unhappy kidsThe Warden called back as we sat in the car sheltering from the rain. Unfortunately they were fully booked. She was ready with details of how to get to the nearest Argos and outdoor kit shop and their closing times so we could nip off and buy an emergency tent. We thought about it as a family. Maxi immediately said that it would be daft to buy a little tent when we already had a 3-man one at home. I pointed out that a cheap tent wouldn’t cope with the forecast daily rain over the next week. Midi asked whether we’d get any money back at all. The Boss said no, it wasn’t their fault at all and they were only being helpful because they were kind people – we’d lost our money. Mini cried anew over her forgotten giraffe stuffed toy.

Damn. No tent. Bad weather. Upset family. I calmed the kids down and explained that things in life didn’t always go the way we’d planned. We could either sit and be miserable about it forever, or we could choose to make the most of it. The Boss and I agreed that we should eat first, discuss it all over dinner, then make a move, whatever that move was. The campsite had a restaurant on-site that we’d planned to eat at on the first evening anyway, so we did just that.

Over the next hour, we sat waiting on dinner, fielding ideas. Mini suggested that we go home that night to get Giraffe. We agreed that would be the most sensible and cheapest thing to do. But we didn’t want to. And the longer dinner took to arrive (the restaurant was very busy), the less likely we’d be able to make the 4 hour drive – The Boss and I were exhausted. Midi suggested that we stay in a hotel overnight then spend tomorrow having fun somewhere and going home tomorrow night. Aha, now that’s more likely! Then we could stop stressing about getting home at 1am. But we only had our budgeted spending money left. We sat watching the painfully slow wi-fi load pages onto The Boss’s phone every 4 – 12 minutes (yes, I timed it).

LateRooms turned up nothing. The problem of having 3 children and not being able to afford 2 hotel rooms! We called the nearest Premier Inn. No, they absolutely would not let us share one room. Please? No. Pretty please? No. We tried a few other websites. Nothing. The phone signal waxed and waned and the wi-fi ground to a halt as the restaurant got busier.

We ate our fish and chip dinner and decided to set off before it got any later (it was 8pm) and just hope for the best. We let the Warden know we were leaving and thanked her profusely for trying so hard to help us out. As we approached the A1, The Boss’s phone picked up 3G signal, so he checked out the Edinburgh Premier Inns. He phoned the Musselburgh one direct. The lady on the other end said the same as her colleague in the more southerly hotel: that we couldn’t share, and that she only had one room left anyway. Voice cracking, The Boss explained that we were actually quite desperate, and told her our tale of woe. The lady sympathised. She talked to her boss. She relented and said she’d do her very best to get the room ready for the 5 of us before we arrived.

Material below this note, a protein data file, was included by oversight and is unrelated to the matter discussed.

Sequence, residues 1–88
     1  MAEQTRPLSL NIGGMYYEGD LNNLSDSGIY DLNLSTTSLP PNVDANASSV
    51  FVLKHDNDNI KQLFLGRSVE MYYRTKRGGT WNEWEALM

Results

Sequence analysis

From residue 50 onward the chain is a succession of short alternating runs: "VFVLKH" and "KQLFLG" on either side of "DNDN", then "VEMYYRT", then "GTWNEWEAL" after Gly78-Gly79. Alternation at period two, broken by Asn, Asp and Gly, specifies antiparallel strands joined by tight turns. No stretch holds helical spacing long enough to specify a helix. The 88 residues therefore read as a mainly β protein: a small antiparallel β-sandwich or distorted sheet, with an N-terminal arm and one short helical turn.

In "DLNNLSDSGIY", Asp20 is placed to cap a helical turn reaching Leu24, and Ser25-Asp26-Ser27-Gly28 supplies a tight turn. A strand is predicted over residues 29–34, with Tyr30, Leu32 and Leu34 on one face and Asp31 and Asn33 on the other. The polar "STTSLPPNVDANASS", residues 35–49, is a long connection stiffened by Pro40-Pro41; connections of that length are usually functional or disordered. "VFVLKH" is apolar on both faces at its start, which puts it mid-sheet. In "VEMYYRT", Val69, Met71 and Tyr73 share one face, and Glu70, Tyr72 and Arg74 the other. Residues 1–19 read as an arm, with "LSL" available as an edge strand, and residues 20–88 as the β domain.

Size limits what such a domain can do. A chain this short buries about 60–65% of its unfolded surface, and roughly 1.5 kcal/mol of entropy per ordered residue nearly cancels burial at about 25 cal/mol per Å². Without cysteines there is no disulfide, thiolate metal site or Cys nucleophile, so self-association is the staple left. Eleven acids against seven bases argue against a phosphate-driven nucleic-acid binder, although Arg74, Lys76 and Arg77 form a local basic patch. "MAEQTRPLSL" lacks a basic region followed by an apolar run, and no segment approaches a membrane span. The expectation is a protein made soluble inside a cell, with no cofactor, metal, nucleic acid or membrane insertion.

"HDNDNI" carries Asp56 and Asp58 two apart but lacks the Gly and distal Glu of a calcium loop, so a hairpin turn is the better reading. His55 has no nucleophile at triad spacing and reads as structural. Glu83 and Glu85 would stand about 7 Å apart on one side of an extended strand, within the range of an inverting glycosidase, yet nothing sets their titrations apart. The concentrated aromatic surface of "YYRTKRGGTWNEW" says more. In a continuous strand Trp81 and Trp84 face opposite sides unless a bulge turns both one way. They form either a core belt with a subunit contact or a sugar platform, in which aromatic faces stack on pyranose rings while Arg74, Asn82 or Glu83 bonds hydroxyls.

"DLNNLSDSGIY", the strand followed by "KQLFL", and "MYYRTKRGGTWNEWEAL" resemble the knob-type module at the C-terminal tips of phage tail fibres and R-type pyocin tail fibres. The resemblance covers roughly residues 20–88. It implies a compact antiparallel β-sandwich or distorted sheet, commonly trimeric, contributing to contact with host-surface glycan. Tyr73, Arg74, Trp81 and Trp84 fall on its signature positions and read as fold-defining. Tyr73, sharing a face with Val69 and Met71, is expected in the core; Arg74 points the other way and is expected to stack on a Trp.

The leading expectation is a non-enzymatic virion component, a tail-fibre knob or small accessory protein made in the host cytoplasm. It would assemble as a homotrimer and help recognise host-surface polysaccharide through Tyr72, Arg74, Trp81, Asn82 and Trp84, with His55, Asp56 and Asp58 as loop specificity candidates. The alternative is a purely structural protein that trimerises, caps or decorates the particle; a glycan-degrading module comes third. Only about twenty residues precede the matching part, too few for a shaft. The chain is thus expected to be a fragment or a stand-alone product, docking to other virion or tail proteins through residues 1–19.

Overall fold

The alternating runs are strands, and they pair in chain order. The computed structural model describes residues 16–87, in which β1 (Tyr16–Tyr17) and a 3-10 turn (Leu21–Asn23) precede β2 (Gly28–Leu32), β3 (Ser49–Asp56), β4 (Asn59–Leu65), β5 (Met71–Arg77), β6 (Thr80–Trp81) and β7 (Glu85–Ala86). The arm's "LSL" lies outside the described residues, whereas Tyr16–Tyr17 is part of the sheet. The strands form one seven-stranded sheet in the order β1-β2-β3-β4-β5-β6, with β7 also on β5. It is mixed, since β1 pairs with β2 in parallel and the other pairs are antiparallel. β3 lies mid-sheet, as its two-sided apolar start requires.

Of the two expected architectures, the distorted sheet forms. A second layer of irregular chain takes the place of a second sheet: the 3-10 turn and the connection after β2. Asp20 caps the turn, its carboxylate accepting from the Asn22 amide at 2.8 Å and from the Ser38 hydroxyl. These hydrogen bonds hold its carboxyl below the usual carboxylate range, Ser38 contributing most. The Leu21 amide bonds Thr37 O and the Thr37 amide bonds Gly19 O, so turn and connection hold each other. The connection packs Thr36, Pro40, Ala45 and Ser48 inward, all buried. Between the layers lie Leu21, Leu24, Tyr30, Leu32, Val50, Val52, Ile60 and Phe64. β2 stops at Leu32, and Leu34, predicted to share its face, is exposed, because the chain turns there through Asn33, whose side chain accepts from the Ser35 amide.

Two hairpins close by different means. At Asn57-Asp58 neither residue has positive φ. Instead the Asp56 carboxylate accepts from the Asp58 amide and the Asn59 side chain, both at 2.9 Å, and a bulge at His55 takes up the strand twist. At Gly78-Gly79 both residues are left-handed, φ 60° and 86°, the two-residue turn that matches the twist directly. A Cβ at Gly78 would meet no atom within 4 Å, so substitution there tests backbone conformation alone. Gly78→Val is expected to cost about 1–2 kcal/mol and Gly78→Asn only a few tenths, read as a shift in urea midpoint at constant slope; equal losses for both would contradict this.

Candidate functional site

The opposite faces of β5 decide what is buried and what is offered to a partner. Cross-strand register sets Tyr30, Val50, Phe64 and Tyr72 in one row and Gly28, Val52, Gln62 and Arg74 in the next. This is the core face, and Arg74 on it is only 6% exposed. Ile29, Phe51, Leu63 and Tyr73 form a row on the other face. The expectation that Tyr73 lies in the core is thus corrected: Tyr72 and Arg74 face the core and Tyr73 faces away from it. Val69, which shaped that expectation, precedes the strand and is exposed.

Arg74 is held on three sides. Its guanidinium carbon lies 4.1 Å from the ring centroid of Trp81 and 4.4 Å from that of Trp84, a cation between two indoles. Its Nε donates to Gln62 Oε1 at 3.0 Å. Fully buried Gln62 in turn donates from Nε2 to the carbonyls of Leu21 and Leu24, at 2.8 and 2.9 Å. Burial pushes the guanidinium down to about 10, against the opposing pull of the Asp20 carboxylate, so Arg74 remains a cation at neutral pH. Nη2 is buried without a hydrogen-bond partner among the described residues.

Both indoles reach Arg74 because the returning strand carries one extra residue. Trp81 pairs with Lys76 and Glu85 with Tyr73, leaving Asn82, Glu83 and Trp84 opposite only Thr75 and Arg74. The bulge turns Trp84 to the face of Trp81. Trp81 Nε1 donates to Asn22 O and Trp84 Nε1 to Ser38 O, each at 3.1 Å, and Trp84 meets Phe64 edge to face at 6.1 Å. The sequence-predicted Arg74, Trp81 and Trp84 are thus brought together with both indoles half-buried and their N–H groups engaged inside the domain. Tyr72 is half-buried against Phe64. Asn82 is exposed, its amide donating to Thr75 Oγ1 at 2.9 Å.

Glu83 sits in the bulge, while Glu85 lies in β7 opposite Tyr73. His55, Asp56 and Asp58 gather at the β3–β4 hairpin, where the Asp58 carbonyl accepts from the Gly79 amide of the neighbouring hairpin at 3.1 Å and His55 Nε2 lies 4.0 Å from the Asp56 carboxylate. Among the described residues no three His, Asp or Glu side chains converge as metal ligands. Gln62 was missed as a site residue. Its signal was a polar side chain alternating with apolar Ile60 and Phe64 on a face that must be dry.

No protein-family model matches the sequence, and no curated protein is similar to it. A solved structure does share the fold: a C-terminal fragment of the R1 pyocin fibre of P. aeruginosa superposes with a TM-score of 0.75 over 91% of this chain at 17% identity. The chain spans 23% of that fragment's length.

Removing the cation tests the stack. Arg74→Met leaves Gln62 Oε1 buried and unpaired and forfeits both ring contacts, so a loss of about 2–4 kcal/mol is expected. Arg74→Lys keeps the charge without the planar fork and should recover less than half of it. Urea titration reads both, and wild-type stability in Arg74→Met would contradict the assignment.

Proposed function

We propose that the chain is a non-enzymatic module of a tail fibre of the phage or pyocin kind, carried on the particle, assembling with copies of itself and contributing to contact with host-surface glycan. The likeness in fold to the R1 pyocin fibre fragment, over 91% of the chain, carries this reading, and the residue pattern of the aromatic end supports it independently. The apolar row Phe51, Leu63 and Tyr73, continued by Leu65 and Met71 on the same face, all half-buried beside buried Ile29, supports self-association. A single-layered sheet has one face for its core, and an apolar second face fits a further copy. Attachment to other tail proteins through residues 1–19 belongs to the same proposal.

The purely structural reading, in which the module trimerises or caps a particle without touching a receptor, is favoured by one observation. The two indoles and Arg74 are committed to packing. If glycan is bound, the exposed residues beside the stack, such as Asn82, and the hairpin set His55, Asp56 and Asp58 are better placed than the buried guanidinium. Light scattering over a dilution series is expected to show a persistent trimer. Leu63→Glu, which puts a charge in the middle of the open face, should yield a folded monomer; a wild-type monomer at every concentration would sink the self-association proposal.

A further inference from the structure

An hour and a half later, after a slow and difficult drive through thick haar fog, we arrived looking like red-eyed survivors from the rainforest. The lovely receptionist made us feel safe and welcome and commiserated with our bad luck. She even apologised that Mini would have to share with one of us. We didn’t care – we had a place to sleep that didn’t drip, creep, splosh,smell or give us asthma!

Don't care where you lot are sleeping - this is MY big bed!

Don’t care where you lot are sleeping – this is MY big bed!

Well, I say sleep – the kids slept well. Mini slept like a whirling dervish. Occasionally she’d punch me in the kidneys, slap The Boss, kick me in the stomach, rouse and demand that she be handed Midi’s Heffalump to cuddle, then kick the covers off and snore and splutter in The Boss’s ear. The Boss and I just clung to the edges of the bed either side of Mini and felt thankful for a room!

So, Pop Kids, what have we learned from this sorry tale?

  1. Always, always, always dry your tent. Somehow. Find a way. Just do it. Don’t ever leave it for 3 years.
  2. Always get your tent out to check it before you set off on holiday. Even better, get it out and check it before you pay for your booking.
  3. Always have a back-up plan; a proper if-all-else-fails plan. That doesn’t involve driving through the night in haar fog when you’re tired.
  4. Involve the kids when you have to make tough and upsetting decisions – they’ll feel less helpless and will burst with pride if you use one of ‘their’ (cleverly-planted and set-up) ideas.
  5. Bar one single person, everyone we asked for help and advice gave us it gladly. It was humbling and heart-warming. And I’ll tell you just how brilliant the kind Waren Mill Warden was in another post…